Agricultural Technology and Agribusiness Advisory Services (ATAAS) Project has four components. Identification of agricultural technologies and strengthening of the National Agricultural Research System (NARS), Component 1, is the primary responsibility of the National Agricultural Research Organisation (NARO). MAAIF and NARO jointly and collaboratively implement Component 2, which is Enhancing Partnerships between Agricultural Research, Extension and other Stakeholders. Component 3, Strengthening the Agricultural Support Services is a primary responsibility of the Ministry of Agriculture, Animal Industry and Fisheries (MAAIF), specifically under the Directorate of Agricultural Extension Service (DAES).  While Component 4, Program management and M&E is as well a joint responsibility of NARO Secretariat (NAROSEC) and MAAIF Implementation Support Team (IST). All the other components changed during the restructuring except for component one (1) under NARO.

The project has registered performance progress as follows:

Under component 1, the research emphasis has been on genetic improvement, pests and diseases management, improved crop management and post-harvest management. For the reporting period, 23 technologies were generated, and eight (8) candidate varieties of finger millet (6) and groundnuts (2) submitted for release.  Research on FAW has identified potential resistant varieties. In livestock, two (2) anti-tick vaccine molecules have been confirmed to effectively control blue ear ticks (Boophilus decoloratus) and are efficacious.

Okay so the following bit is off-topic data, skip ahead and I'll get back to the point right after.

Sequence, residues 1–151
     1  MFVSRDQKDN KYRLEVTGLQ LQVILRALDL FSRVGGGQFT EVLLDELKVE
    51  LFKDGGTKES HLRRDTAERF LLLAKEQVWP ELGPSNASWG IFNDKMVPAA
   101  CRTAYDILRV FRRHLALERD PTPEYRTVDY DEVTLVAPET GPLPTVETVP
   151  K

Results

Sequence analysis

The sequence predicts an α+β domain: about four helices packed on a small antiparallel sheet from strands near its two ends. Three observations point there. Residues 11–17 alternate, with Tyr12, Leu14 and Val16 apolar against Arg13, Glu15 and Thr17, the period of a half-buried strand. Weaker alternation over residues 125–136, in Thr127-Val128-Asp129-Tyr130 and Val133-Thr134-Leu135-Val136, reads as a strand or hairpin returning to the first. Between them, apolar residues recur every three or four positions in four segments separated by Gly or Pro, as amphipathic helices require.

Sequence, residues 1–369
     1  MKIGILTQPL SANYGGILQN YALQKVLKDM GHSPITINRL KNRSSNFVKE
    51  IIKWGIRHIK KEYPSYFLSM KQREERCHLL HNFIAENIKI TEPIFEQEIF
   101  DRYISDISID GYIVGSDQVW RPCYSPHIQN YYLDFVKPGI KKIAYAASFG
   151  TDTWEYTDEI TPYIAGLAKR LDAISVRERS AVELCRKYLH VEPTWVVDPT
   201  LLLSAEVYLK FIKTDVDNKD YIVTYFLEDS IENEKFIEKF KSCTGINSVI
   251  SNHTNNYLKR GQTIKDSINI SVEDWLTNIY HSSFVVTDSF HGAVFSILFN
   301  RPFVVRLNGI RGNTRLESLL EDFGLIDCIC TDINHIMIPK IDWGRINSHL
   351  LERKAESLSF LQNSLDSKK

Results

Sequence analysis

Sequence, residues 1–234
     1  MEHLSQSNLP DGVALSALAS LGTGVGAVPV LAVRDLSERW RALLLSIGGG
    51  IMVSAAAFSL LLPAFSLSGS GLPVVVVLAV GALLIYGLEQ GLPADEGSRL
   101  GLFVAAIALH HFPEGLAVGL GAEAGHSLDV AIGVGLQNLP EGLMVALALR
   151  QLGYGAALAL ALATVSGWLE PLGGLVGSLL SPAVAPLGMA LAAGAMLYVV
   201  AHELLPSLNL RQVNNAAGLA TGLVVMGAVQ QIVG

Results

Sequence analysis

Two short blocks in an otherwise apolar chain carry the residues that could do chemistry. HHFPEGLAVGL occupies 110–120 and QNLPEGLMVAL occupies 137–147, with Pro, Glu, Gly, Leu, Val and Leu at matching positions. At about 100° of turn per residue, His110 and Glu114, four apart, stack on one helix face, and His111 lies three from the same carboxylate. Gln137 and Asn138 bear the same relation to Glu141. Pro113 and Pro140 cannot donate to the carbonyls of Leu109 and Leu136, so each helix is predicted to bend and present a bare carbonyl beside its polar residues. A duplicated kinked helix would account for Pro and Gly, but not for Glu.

Research on non-strategic priorities addressed through the Competitive Grant Scheme (CGS) has progressed well. Over the last three years (2014 – 2017), ninety (90) projects have been approved for funding under the CGS project. Forty-one (41) projects are running under cohort III, and forty-nine (49) under cohort IV. A total sum of UGX 23 billion was budgeted to run these projects and UGX 19.5 billion (84.8%) has so far been disbursed. A sum of UGX 308.5 million was added as supplementary funding. Ten of the commercialisation projects have generated key tangible products that are ready for dissemination.

On institutional strengthening of NARO and other Agricultural Research Service Providers (ARSP), progress has been in areas of human capacity strengthening, civil works, and acquisition of specialized equipment and transport facilities. Thirty-one (31) scientists were supported to undergo PhD training, and so far seven have completed and graduated; one defended and awaits graduation, three have submitted their theses for defence, 15 are at different stages of writing theses while four are at proposal write up and one dropped.  Eight (8) scientists are supported to undertake Master of Science training. Of these, six (6) have completed and two (2) are yet to defend their theses. Additionally, 65 scientists have been trained in short term and performance enhancement skills.

Under civil works, various contractors have concluded the construction and rehabilitation of 19 units, comprising of office buildings, conference centres and laboratories. Construction of a milking parlour is yet to commence, seeking World Bank clearance. On the other hand, the construction of the cattle shed is at 90% completion.